• In Feet Of Clay, Fred Colon plans to retire and take up farming. After a prolonged and humiliating encounter with aggressive, unsanitary livestock that'd been turned loose in the streets, he immediately changes his plans and remains a city-dweller.
  • September 26, 2012
    Perhaps this is also getting at the tendency for a Funny Animal to never relieve himself of doodie.
  • September 26, 2012
    Well, this is the key difference between Funny Animal fiction and Xenofiction. The latter usually treats animals rather more realistically, and will often give lots of attention to the stuff that makes them non-human. It is therefore often labeled Darker And Edgier. With good reason; in a universe where animals are sentient, eating another is murder.

    And yeah, Needs A Better Description
  • September 26, 2012
    "With good reason; in a universe where animals are sentient, eating another is murder."

    And that part already is covered by Carnivore Confusion.
  • September 26, 2012
    Definitely change the laconic. I think this is tropeable but the laconic seems to just be a dig @ MLP.
  • September 26, 2012
    ^Agreed. And I'm not sure what the trope is. Is this when a work with non-feral animals (usually a cartoon) suddenly puts more animalistic traits back into it? Like if Bugs Bunny suddenly stopped talking, started hopping on all fours, and sniffed everything? And then the audience didn't like it, presumably. Does that really happen much?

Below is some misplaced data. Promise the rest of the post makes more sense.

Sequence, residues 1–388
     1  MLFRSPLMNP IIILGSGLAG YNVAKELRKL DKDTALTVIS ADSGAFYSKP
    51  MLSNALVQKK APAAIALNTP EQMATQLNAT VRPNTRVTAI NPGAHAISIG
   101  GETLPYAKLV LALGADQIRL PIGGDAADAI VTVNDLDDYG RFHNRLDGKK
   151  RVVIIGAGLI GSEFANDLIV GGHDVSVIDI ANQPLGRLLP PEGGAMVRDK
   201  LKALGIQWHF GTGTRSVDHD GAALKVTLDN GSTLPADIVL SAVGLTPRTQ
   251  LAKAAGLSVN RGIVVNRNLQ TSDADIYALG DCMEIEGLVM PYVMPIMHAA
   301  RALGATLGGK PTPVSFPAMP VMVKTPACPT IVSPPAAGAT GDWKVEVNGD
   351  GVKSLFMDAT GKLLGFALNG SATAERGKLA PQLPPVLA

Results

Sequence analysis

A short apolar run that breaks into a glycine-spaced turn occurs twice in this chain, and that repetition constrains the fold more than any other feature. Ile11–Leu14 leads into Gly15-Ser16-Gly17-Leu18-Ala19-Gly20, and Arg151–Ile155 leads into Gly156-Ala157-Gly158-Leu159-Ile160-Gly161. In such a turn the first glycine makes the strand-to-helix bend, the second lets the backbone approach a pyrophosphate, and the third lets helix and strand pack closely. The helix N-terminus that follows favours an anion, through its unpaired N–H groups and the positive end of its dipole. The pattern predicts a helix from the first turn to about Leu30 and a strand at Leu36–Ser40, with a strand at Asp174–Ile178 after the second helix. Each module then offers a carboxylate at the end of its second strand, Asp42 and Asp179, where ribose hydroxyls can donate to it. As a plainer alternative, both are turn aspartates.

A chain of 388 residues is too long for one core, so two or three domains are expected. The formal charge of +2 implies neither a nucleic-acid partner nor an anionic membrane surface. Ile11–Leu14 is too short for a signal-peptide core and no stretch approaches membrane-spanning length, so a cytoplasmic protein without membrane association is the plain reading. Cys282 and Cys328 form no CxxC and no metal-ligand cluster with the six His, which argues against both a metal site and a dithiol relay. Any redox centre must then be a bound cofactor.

Or is this just the fact that cartoon animals are anthropomorphic, in which case it's already covered by that sliding scale thingy.
  • September 26, 2012
    I should probably point out that "feral" doesn't mean "animal-like", it means "something domesticated which has turned wild" (for example, a dog which started living in the wild would be feral, an undomesticated wolf in the same environment would not).
  • September 26, 2012
    ^In the technical use yes. In colloquial use it can mean simply "wild" or "beastly". But maybe a less ambiguous synonym should be used.
  • September 27, 2012
    I agree this trope exist. People like cartoon animals but are neutral or dislike real or realistically draw animals.

    As Brony I dont think this page is insulting toward my fandom. I think MLPFIM could used in picture. Picture of pony from show combined with Gaijin 4Koma Reaction Guys and real life ponies.
  • September 27, 2012
    So this is basically the animal version of The Coconut Effect, then?
  • September 27, 2012
    How about using the cartoon "Booboo Runs Wild", featuing Booboo and Cindy from Yogi Bear acting feral?
  • February 12, 2013
    It is mentioned a few times in the Narnia series that Aslan is not a tame lion, despite his normally nice demeanor.
  • September 19, 2017
    A recent SpongeBob episode inspired me to bump this.

    • The Sponge Bob Square Pants episode "Feral Friends" revolves around a once-in-a-century occurrence of Neptune's Moon, which turns all the sea creatures of Bikini Bottom into realistic creatures that behave just like their real life counterparts. Sandy, who is of course not affected as she's a land squirrel, has to keep the now-feral main characters from killing each other until they return back to normal after two hours.